Ebuyer Pricing Error

  ridding 19:42 06 Oct 03
Locked

Hi
Looking for advice as click here had on its website a Netgear DG834G 54 Mbps Wireless ADSL Firewall Router Cost: 73.13
Now I have just been informed that there has been an error and that the order has been put back to edit mode and if I what the item then I have to pay £105.08+VAT.
Now I know that this has happened with other companies and they have honoured the errors, I am in the position that click here acknowledged the order and in no way in that e mail ( which I still have) did they say this was under the condition that the price was right an other implications that were brought to my attention.
Any comments and assistance would be greatly appreciated.
regard
Graham

  Belatucadrus 20:03 06 Oct 03

"Now I know that this has happened with other companies and they have honoured the errors" some have, but to be honest most don't. The problem is in that it's all clasified as an "Invitation to trade" and they don't have to provide the goods. I think it depends on what they want most, your good will or your cash.

  GANDALF <|:-)> 20:26 06 Oct 03

' Now I know that this has happened with other companies and they have honoured the errors'...to the best of my knowledge there has only been one that has honoured the price, (Kodak). They had to, as they sent an email which specifically said that it was a contract to supply and there were a few other mistakes made by Kodak. An acknowledgement is unlikely to be a contract to supply. A price is only an indication of the amount that is required to purchase an item, if you have a receipt with that price clearly stated, then that is a contract or agreement to supply.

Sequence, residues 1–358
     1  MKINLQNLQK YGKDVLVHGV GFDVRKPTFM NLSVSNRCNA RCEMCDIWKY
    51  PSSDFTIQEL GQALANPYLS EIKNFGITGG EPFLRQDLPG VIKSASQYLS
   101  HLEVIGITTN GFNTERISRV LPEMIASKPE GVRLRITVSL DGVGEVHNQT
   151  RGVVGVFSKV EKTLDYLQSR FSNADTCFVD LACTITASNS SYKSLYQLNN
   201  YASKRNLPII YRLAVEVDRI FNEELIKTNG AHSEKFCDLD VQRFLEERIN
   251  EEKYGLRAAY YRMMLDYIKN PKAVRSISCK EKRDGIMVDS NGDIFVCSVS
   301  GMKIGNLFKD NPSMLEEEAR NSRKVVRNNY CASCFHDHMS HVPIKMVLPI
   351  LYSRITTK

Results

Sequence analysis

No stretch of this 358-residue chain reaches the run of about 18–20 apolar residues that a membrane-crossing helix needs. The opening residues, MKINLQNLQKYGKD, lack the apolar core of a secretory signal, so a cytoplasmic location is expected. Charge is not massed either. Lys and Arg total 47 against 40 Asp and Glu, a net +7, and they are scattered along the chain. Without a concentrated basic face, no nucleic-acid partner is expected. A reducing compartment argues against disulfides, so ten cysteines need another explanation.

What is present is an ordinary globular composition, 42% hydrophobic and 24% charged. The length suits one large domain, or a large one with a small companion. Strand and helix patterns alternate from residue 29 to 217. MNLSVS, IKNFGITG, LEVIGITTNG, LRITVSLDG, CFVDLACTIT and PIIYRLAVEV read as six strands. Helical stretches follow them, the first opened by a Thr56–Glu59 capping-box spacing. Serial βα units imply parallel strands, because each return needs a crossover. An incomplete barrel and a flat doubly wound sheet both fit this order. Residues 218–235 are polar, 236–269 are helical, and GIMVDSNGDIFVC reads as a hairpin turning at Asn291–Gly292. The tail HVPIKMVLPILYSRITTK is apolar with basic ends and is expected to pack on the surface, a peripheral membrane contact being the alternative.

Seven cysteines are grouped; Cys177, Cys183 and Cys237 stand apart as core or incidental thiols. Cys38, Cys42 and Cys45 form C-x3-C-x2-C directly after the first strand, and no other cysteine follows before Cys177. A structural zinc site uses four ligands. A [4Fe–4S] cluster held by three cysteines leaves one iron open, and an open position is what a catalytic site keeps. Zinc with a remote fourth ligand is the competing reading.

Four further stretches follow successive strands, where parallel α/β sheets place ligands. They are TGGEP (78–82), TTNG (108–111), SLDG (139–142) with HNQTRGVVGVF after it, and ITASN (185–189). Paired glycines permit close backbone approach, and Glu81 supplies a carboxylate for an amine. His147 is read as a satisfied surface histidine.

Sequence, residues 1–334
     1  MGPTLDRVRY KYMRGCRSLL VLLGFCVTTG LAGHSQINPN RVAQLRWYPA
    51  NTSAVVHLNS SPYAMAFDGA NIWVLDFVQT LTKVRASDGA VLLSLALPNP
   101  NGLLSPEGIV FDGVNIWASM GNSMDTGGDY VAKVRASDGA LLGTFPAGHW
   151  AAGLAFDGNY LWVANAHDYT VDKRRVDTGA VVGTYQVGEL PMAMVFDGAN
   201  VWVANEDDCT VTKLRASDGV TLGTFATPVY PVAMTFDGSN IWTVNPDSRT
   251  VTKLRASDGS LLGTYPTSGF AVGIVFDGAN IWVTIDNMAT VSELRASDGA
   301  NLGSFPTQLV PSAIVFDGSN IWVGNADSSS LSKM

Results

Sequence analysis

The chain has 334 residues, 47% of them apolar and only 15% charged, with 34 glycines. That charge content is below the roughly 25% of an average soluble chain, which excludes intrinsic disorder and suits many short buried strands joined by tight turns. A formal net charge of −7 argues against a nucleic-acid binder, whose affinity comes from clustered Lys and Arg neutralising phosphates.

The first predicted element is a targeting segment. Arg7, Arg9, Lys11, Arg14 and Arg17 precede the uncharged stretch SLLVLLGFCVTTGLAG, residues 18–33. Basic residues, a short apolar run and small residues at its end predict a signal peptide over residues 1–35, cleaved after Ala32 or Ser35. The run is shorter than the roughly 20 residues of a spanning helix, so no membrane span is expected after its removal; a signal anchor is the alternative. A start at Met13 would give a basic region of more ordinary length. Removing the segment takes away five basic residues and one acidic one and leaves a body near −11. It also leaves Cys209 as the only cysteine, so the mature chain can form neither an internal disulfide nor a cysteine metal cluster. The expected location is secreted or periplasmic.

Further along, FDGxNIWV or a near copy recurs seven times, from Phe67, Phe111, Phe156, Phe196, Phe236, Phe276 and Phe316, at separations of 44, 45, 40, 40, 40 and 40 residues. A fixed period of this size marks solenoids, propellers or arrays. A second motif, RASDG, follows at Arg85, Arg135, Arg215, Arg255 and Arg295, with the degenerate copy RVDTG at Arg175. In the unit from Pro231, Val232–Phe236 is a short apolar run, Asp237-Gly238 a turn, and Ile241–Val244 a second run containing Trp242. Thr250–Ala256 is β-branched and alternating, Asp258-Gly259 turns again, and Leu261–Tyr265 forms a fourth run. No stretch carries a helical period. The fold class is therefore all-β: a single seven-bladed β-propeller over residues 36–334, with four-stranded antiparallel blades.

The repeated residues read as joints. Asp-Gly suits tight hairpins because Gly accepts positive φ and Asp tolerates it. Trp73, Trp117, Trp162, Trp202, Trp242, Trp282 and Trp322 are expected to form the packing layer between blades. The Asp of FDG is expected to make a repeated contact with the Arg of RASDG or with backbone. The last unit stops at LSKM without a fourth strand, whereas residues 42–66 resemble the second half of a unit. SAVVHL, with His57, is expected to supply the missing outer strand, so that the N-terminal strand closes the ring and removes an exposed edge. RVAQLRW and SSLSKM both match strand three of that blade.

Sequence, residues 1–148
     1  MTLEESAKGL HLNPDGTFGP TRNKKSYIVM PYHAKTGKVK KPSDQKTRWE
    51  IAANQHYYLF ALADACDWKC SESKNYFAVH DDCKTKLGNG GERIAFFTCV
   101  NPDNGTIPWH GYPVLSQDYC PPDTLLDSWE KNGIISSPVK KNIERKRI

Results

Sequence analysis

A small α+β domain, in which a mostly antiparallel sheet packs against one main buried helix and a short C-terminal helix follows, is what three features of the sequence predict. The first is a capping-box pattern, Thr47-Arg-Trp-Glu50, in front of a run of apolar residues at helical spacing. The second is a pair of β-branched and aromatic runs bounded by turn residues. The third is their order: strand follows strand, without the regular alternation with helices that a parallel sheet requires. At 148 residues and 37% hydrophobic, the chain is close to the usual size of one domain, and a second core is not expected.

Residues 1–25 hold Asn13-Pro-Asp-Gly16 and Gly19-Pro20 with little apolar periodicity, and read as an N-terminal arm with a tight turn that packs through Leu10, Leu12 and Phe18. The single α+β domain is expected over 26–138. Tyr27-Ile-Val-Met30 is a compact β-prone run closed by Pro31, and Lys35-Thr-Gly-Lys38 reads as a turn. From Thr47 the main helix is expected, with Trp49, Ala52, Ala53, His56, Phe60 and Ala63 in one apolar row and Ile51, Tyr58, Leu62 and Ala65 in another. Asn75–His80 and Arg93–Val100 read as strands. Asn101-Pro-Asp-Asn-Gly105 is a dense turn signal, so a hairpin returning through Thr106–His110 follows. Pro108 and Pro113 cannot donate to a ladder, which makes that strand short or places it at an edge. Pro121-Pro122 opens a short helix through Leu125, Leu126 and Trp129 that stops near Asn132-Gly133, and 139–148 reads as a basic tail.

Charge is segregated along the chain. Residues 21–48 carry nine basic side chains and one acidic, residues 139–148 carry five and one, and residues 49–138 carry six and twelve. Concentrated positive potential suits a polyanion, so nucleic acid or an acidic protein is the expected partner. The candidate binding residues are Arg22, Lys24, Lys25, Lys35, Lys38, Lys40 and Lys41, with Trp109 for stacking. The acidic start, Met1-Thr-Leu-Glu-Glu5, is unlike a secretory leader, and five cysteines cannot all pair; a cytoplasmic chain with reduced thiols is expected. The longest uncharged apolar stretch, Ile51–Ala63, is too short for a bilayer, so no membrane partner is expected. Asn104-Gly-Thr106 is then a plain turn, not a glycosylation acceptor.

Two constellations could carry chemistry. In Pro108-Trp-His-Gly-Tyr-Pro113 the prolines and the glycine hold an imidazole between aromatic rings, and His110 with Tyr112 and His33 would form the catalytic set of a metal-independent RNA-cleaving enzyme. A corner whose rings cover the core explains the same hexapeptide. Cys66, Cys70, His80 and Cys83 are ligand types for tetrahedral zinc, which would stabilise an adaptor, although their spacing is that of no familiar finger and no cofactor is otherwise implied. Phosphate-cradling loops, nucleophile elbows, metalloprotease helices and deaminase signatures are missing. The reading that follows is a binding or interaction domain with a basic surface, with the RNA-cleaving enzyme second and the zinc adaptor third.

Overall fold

G

  GANDALF <|:-)> 20:28 06 Oct 03

ps...NO compamy is obliged, by law, to 'honour' any advertised price. The law is exceedingly clear about this.

G

  Sion 20:52 06 Oct 03

This does happen occasionally. I don't know if anyone remembers the fuss that was caused earlier in the year when Amazon put some PDA's on its site for £50 or something silly. Hundreds rushed to place their order, but were then told that these prices would not be honoured. Luckily for mail order companies, the price is not agreed upon (and legally binding) until they actually ship it.

Just put this down to experience and move on, is all i can say.

  GANDALF <|:-)> 21:11 06 Oct 03

'Luckily for mail order companies, the price is not agreed upon (and legally binding) until they actually ship it'...the price is not agreed until you receive a receipt or price confirmation from any compnay not just mail order. Shipping is irrelevant.

G

  spuds 00:20 07 Oct 03

Purchasing on-line still as 'grey areas'.I was one of those people who purchased one of the Kodak DX3700 packages. Initially Kodak went on record that they would not honour their advertised 'special deal'. But the evidence in the end, that a contract to supply was made public via an email,Kodak had no way to turn, except by a court intervention test case. Many people,including myself, had to notify Kodak, that it was our intentions to bring a claim against them,via the small claims court procedure.This mass protest made certain legal bodies think hard and fast, at the time.

I have just been reading an article about possible court claims that could perhaps be used in respect of some on-line selling methods. These would cover subjects of perhaps fraudulent trading,false representations,obtaining percuniary advantage by deception,malpractice,breach of contract and the list goe's on. But no doubt, one day, someone will 'test the waters' as to the legalities surrounding local and international internet buying, and until that happens, there will always be 'grey areas'.

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